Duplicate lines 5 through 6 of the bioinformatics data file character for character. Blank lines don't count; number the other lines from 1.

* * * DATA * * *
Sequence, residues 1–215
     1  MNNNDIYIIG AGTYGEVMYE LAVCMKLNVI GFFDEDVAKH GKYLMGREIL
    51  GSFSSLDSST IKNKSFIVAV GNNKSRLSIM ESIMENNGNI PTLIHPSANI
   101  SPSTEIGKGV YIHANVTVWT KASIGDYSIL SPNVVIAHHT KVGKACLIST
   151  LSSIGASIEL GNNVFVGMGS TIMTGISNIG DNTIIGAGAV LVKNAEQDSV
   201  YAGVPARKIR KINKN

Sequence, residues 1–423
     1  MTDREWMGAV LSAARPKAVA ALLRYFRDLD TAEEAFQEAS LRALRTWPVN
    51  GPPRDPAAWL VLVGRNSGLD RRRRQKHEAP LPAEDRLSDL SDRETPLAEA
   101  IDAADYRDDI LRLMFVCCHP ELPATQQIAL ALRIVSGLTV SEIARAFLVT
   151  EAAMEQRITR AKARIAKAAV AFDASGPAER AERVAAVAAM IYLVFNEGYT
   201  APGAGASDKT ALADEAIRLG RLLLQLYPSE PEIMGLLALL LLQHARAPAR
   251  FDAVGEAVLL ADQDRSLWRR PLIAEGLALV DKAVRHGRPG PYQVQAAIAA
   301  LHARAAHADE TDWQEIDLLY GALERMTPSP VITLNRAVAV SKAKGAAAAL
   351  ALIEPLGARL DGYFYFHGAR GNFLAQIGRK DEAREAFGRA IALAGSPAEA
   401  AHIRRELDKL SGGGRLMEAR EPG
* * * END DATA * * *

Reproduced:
   151  LSSIGASIEL GNNVFVGMGS TIMTGISNIG DNTIIGAGAV LVKNAEQDSV
   201  YAGVPARKIR KINKN